Reply To: Useful Essays from DRARISWORLD and Other Websites


The Pali version and the English translation at Sutta Central: “Assutavā Sutta (SN 12.61)

The main point the Buddha tried to explain is the following:

  • Our physical bodies change relatively slowly, especially after the teenage years. 
  • However, our minds change even moment-to-moment. Like a monkey jumping from tree to tree, our minds quickly jump from one arammana to another. Think about it. Within a day, one’s mindset can change from a relaxed mindset to an angry mindset to a generous mindset and back and forth many times. 
  • But one firmly believes one’s mind is one’s own, even more than to think of one’s body as one’s own. 

This point needs to be addressed in detail at some point. A mind works like a machine, according to specific rules. Even though we think it is “my mind”, it really is not. It can “change on a dime” based on one’s mindset and the type of arammana coming to it.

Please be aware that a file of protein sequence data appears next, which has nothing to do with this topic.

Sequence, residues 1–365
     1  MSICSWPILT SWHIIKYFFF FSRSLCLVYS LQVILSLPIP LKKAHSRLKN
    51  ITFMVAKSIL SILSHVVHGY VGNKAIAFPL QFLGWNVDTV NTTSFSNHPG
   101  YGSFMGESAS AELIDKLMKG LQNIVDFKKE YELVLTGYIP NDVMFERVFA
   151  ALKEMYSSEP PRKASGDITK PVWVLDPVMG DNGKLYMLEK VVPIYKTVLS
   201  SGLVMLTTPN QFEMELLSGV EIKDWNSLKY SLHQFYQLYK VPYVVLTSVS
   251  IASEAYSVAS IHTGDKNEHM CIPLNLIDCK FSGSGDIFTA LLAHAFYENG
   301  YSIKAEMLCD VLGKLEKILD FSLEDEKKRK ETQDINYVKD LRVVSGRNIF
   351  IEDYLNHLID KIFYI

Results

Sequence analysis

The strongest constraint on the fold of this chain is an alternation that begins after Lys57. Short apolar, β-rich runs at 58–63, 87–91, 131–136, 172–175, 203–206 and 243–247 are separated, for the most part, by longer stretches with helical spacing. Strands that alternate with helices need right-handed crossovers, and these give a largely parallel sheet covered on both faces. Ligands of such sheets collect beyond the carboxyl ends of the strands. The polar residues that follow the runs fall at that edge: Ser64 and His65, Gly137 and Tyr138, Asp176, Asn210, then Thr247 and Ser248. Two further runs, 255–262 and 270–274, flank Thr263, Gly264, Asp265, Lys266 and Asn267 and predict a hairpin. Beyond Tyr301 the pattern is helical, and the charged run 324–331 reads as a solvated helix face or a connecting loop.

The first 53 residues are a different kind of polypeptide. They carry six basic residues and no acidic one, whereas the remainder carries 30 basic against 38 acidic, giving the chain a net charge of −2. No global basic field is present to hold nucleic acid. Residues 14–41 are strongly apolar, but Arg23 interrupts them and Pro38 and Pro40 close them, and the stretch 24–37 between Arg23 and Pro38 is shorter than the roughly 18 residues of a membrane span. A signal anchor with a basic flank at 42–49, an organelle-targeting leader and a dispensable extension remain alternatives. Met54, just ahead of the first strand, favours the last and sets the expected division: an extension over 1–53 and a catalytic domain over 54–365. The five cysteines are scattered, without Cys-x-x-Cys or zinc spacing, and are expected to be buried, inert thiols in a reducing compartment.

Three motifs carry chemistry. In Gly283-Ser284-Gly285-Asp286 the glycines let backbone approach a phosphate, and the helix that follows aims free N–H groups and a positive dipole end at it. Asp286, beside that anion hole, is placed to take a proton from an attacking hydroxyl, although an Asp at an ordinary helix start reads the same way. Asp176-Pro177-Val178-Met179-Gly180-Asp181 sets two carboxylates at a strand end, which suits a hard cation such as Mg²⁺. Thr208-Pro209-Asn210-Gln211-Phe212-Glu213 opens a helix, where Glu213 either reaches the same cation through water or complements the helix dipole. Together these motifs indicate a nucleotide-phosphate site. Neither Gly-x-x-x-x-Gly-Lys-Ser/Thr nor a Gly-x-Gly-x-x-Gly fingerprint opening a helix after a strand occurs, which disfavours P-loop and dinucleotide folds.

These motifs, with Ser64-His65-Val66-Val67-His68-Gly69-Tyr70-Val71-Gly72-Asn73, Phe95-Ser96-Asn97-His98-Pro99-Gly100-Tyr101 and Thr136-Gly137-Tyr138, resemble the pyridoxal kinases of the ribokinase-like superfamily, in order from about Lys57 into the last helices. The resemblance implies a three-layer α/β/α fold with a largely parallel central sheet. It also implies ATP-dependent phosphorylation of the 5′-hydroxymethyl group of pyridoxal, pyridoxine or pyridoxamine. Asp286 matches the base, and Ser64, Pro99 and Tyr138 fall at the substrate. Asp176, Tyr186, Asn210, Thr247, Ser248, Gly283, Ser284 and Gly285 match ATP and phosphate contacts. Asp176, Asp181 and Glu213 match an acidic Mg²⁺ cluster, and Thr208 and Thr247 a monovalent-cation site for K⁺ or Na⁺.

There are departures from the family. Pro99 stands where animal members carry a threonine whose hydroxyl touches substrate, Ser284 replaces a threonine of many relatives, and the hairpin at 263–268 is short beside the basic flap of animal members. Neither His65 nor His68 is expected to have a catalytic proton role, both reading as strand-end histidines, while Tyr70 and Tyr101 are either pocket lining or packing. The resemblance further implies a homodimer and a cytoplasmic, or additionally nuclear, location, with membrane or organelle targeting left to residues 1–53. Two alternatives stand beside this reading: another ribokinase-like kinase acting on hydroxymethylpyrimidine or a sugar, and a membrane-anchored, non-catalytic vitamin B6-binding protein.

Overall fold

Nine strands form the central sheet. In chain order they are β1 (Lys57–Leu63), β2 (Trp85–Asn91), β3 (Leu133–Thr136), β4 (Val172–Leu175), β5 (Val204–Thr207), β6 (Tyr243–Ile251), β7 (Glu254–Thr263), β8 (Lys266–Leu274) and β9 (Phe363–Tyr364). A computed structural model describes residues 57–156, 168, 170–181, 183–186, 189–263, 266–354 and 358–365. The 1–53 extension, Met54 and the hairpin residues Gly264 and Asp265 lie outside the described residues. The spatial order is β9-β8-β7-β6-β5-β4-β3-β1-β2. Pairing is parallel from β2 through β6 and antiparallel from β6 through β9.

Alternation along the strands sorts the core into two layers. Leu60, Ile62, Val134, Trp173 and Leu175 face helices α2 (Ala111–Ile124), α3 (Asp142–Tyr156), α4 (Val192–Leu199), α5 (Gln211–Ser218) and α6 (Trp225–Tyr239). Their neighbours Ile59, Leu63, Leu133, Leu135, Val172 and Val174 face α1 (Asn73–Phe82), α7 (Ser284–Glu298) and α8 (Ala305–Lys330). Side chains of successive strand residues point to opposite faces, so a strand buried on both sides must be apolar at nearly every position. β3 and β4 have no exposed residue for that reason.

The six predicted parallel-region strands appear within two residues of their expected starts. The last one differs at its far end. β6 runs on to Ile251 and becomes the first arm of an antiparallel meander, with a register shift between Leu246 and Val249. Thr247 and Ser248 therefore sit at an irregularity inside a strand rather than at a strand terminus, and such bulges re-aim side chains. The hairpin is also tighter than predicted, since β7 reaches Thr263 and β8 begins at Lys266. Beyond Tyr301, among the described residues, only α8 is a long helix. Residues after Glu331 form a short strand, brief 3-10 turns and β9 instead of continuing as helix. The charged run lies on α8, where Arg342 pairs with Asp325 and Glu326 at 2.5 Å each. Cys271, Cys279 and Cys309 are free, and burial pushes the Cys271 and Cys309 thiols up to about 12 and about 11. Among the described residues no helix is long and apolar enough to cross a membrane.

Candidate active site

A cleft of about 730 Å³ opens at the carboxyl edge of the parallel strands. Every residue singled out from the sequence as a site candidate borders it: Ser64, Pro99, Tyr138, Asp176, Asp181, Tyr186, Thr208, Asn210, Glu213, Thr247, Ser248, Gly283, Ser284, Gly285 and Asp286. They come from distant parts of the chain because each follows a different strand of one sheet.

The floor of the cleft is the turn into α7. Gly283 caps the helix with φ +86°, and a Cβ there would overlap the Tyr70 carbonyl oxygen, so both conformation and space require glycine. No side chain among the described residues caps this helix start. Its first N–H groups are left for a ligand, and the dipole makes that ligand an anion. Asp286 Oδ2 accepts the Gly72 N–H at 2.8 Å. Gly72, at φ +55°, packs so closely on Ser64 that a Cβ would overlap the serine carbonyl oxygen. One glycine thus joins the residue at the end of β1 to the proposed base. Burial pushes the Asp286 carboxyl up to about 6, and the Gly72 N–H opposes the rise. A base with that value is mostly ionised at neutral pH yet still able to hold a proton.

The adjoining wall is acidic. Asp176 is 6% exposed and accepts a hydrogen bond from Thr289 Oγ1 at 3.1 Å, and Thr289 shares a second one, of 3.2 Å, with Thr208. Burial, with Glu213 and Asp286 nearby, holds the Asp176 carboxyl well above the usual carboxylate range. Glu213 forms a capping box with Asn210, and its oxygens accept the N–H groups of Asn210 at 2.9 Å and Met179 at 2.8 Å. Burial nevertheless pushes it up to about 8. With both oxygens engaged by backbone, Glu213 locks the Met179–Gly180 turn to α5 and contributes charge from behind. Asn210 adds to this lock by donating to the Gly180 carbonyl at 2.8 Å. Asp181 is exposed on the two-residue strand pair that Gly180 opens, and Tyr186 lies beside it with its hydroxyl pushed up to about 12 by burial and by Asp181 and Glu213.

• For example, if one is in an angry mindset, it takes only a bit of provocation even to kill another human. 
  • Most rapes take place because of that: if the conditions get set up, even a “moral person” could be triggered to commit rape.

That is quite clear among animals, who don’t have developed brains to slow their actions. However, some humans act like animals because they are not used to being “mindful.” 

  • Because the mind works like a machine, it will AUTOMATICALLY stop engaging in “apayagami actions” after reaching the Sotapanna stage or stop getting attached to sensual pleasures after the Anagami stage.  
  • There is no “me” controlling such actions. It happens automatically.
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